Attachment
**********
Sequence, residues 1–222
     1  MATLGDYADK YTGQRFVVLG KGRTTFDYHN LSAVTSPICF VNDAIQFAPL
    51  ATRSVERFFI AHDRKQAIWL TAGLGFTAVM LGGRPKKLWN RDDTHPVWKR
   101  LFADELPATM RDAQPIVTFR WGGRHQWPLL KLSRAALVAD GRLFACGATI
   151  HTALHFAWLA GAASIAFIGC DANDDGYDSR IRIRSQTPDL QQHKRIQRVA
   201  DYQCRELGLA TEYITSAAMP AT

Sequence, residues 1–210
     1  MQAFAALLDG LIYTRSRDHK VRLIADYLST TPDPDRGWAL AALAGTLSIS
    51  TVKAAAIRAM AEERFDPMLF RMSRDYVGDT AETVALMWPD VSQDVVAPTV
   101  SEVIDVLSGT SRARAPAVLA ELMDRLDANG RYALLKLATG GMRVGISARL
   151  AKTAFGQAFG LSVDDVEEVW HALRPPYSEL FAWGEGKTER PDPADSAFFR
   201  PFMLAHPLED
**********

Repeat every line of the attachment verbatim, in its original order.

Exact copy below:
Sequence, residues 1–222
     1  MATLGDYADK YTGQRFVVLG KGRTTFDYHN LSAVTSPICF VNDAIQFAPL
    51  ATRSVERFFI AHDRKQAIWL TAGLGFTAVM LGGRPKKLWN RDDTHPVWKR
   101  LFADELPATM RDAQPIVTFR WGGRHQWPLL KLSRAALVAD GRLFACGATI
   151  HTALHFAWLA GAASIAFIGC DANDDGYDSR IRIRSQTPDL QQHKRIQRVA
   201  DYQCRELGLA TEYITSAAMP AT

Sequence, residues 1–210
     1  MQAFAALLDG LIYTRSRDHK VRLIADYLST TPDPDRGWAL AALAGTLSIS
    51  TVKAAAIRAM AEERFDPMLF RMSRDYVGDT AETVALMWPD VSQDVVAPTV
   101  SEVIDVLSGT SRARAPAVLA ELMDRLDANG RYALLKLATG GMRVGISARL
   151  AKTAFGQAFG LSVDDVEEVW HALRPPYSEL FAWGEGKTER PDPADSAFFR
   201  PFMLAHPLED